Is a property crash coming?

There are difficult decisions looming for Australia’s mortgage borrowers as they adjust to life without government support programs.

With a mix of mortgage deferrals and the JobKeeper scheme, many homeowners who would have faced a devastating financial impact from the pandemic have stayed afloat.

But CBA chief executive Matt Comyn is concerned about the minority of borrowers who are still using some type of deferral.

The bank has around 24,000 homeowners still deferring payments, while the Australian Banking Association says that more than 9 in 10 of those who were deferring at the pandemic peak are making payments again.

Speaking to the ABA’s Trans-Tasman Business Circle, Comyn said that the bank is monitoring the level of business insolvencies for signs of concern.

While defaults remain better than expected with insolvencies in the second half of 2020 at roughly half that of an average year, the bank chief is ready for its customers to tackle some tricky issues.

Rising prices

CBA recently forecast that house prices will enter a two-year rally sparked by low interest rates and a V-shaped recovery for employment.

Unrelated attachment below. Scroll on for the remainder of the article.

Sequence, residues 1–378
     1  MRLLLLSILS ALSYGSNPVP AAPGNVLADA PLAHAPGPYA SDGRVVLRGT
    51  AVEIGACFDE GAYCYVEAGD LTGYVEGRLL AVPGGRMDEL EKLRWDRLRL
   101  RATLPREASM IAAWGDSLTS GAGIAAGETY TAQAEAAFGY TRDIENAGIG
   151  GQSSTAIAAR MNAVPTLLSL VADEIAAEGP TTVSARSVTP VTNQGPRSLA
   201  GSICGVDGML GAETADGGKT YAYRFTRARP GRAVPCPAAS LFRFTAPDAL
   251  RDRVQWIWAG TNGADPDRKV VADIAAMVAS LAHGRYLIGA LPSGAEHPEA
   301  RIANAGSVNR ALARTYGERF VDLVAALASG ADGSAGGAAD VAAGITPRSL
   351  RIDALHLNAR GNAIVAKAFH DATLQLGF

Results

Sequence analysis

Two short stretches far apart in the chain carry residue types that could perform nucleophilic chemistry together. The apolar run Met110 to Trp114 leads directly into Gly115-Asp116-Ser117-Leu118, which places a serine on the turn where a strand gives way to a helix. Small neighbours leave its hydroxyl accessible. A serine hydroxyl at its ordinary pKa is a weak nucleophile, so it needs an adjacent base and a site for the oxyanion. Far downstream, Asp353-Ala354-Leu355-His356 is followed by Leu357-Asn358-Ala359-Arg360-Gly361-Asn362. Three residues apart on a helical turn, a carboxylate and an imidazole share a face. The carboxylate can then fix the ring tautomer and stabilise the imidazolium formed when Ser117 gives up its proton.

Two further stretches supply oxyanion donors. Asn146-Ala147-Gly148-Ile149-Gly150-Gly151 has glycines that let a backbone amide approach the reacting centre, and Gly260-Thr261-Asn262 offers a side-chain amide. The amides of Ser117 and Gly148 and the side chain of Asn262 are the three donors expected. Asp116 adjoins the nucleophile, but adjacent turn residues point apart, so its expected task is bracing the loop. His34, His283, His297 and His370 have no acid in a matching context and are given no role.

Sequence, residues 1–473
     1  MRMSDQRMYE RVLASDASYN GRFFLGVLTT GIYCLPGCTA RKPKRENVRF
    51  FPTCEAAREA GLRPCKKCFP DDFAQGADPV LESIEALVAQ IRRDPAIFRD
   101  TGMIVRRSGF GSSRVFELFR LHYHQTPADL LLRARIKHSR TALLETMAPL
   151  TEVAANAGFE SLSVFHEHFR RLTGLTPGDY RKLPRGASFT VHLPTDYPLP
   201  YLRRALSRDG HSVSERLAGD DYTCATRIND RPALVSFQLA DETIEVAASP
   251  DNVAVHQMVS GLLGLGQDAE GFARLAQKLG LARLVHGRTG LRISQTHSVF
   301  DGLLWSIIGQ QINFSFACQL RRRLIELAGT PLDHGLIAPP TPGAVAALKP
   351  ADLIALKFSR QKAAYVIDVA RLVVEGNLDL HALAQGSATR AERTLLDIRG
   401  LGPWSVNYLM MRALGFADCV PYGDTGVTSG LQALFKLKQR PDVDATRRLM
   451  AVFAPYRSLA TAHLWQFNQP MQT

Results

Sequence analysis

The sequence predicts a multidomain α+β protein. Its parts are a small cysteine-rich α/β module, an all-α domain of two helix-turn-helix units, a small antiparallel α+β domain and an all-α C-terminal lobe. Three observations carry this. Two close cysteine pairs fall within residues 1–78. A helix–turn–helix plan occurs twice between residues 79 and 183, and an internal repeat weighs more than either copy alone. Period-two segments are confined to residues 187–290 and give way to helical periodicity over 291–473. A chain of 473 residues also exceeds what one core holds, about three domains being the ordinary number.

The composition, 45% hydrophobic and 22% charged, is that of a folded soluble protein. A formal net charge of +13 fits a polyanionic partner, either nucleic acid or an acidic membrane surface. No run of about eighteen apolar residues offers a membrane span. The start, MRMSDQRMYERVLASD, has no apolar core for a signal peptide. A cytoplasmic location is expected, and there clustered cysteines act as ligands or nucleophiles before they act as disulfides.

The bank’s head of Australian economics, Gareth Aird, says that residential property prices and sales in the capital cities have been escalating and mortgage lending has increased over the past 4-5 months.

With both owner-occupiers and investors putting money into the market, Aird is forecasting national home prices to rise by 14-16% over the next two years.

Although there could be a modest increase in fixed mortgage rates later this year if the Reserve Bank makes changes to the 3-year Australian Government bond, the central bank is not expected to increase interest rates in the medium term.